Each year we hold three races at our clubhouse in Teddington: the Paddling Challenge, the Hasler marathon and the sprint regatta.
Held since 1874, the Paddling Challenge is the longest running canoe race in the world. It has been contested by countless Olympians and World Champions over the years.
Two magnificent and historic trophies are up for grabs: the Paddling Challenge Cup (since 1874) for senior men and the Sailing Challenge Cup (since 1875) for senior women. There are also prizes for winners of the junior races.
The format of the race has varied over the years and it is most commonly held as a 10,000m race these days, with a juniors covering shorter distances.
The Hasler marathon series sees clubs compete regionally to qualify for the national Hasler final. Qualifying clubs compete in the season finale for the much-prized Hasler Trophy.
Competitors race against people of their own ability – regardless of age of gender – and there is a division for everyone. Division 9 is for those new to racing, whilst international athletes male athletes tend to compete in Division 1. You are promoted up divisions (and sometimes demoted down divisions) according to your finish time.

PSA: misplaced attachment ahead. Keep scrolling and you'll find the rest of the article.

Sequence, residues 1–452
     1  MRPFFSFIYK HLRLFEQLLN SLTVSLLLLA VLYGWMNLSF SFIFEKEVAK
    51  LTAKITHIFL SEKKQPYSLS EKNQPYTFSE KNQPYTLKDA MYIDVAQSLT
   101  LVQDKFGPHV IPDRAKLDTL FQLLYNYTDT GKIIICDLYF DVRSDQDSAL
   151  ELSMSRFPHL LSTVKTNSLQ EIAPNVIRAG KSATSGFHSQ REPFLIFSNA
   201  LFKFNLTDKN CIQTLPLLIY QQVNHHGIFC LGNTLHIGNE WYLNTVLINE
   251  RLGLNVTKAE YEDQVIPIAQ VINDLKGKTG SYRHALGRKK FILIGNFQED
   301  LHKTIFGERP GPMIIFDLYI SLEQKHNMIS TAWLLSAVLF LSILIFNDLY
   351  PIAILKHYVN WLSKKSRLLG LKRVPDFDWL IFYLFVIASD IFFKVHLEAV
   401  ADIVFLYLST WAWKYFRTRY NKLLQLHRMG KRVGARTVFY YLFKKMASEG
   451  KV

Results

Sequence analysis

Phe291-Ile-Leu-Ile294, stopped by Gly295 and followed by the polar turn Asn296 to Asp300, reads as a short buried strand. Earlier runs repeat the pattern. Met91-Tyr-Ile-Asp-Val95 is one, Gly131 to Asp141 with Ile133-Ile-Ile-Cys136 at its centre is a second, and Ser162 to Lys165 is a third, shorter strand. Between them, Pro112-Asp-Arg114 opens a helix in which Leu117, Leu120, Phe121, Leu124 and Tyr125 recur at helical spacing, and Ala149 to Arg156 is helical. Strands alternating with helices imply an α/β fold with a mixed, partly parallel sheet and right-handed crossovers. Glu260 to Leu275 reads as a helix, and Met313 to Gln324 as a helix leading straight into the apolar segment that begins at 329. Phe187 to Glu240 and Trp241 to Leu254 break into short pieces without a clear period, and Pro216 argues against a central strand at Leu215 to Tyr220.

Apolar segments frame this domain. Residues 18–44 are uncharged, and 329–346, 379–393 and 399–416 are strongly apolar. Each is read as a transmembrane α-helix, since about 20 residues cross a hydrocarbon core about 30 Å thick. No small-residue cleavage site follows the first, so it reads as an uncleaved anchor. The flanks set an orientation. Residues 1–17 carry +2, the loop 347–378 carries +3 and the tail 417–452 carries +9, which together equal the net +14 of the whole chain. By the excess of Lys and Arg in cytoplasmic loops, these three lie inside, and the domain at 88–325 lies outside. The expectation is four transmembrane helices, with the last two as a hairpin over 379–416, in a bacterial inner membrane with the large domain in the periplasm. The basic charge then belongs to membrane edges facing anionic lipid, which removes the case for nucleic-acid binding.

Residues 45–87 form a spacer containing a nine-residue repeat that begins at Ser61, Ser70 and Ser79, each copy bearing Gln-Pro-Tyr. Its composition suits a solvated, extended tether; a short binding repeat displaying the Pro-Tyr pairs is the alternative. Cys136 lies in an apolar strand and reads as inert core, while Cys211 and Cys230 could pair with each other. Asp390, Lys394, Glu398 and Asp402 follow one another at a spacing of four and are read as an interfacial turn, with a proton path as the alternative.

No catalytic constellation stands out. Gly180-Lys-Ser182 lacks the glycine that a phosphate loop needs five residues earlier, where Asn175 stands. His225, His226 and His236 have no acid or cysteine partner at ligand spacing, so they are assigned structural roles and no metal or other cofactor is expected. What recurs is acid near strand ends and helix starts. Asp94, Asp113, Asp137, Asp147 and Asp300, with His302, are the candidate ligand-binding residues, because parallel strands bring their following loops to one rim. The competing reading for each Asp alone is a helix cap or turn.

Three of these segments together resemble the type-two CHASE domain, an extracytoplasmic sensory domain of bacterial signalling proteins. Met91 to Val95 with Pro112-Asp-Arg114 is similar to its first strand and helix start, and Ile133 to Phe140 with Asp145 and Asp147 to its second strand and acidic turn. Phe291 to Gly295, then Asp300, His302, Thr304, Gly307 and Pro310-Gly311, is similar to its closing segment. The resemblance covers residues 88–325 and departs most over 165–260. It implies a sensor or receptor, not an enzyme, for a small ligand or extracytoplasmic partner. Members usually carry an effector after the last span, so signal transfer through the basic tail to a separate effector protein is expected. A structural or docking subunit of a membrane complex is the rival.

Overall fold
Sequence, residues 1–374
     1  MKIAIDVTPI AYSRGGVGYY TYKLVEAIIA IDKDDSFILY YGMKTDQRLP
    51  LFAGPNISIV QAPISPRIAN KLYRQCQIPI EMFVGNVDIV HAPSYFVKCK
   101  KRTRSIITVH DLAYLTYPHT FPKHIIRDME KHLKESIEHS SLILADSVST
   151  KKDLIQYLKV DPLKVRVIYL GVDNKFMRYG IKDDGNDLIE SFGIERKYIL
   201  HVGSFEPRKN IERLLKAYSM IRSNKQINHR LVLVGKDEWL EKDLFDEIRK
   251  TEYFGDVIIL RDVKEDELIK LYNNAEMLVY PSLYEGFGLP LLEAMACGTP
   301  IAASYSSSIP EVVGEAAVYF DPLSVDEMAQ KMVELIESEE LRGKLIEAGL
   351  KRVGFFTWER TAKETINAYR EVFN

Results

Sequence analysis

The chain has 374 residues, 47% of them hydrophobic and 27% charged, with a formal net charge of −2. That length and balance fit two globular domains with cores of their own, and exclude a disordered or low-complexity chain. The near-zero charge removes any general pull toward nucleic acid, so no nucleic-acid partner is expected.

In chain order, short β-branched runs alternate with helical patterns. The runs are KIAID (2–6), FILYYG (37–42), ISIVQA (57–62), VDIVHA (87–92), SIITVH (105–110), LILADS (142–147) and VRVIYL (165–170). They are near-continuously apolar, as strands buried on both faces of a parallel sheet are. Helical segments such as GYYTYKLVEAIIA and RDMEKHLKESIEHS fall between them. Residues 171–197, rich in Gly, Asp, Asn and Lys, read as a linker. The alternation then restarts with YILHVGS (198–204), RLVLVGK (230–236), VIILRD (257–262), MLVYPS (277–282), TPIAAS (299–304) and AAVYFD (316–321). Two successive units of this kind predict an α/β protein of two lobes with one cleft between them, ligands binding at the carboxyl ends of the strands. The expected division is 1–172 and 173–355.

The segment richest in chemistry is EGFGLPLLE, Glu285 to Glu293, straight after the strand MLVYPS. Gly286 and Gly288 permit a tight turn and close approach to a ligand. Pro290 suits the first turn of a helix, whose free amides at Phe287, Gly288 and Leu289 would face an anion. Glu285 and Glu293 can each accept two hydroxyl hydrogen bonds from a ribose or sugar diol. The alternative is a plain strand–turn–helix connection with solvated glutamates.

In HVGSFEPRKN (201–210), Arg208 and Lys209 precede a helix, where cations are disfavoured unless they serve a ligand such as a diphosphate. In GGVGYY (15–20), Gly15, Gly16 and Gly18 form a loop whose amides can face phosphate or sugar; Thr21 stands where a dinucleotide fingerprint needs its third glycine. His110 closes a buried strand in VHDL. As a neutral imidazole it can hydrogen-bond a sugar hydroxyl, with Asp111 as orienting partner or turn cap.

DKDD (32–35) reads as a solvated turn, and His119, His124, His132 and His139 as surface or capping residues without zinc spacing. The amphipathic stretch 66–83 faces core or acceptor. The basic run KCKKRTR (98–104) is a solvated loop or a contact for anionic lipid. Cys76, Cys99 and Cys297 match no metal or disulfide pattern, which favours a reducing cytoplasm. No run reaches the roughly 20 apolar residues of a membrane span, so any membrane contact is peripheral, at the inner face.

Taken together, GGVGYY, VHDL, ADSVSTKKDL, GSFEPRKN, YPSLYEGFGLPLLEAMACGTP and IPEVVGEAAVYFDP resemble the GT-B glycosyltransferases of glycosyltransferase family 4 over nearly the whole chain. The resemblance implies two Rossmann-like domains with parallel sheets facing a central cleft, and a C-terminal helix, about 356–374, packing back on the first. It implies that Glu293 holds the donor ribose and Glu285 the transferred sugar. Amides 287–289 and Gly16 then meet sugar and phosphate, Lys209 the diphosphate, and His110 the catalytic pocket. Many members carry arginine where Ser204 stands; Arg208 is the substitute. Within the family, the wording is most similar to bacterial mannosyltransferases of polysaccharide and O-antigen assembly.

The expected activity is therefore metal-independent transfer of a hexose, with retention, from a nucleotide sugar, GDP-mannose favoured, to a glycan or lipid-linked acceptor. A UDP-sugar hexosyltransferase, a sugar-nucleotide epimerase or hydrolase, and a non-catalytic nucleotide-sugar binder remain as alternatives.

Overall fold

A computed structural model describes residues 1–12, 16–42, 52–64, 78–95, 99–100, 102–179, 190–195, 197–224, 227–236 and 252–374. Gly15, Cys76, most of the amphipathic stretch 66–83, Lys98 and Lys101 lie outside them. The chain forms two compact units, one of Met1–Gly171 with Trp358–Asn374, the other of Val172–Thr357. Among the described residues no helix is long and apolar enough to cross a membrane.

Divisions 1, 2 and 3 compete over a 12 mile course. Divisions 4, 5 and 6 compete over 8 miles. And Division 7, 8 and 9 compete over 4 miles. You can compete in K1 or K2.
Royal Canoe Club is part of the London and South East region. Other races in the series are held at Richmond, Elmbridge, Wey, Tonbridge and Maidstone canoe clubs.
The Hasler Series itself is named after Herbert “Blondie” Hasler, who led Operation Frankton, a WW2 commando raid in double kayaks on the port of Bordeaux. The story of this raid was made into a 1955 film, The Cockleshell Heroes.
Sprint canoeing is an Olympic sport and the discipline is engrained in the club’s DNA. Our sprint regatta attracts competitors from across the region and is an excellent introduction to sprint racing for juniors and novices, before progressing onto national competitions.
Competitors take place in 200m and 500m time trials. The results from the time trials are then used to grade people into races against those of a similar ability. The regatta is rounded off with longer distance, mass start races of up to 3,000m.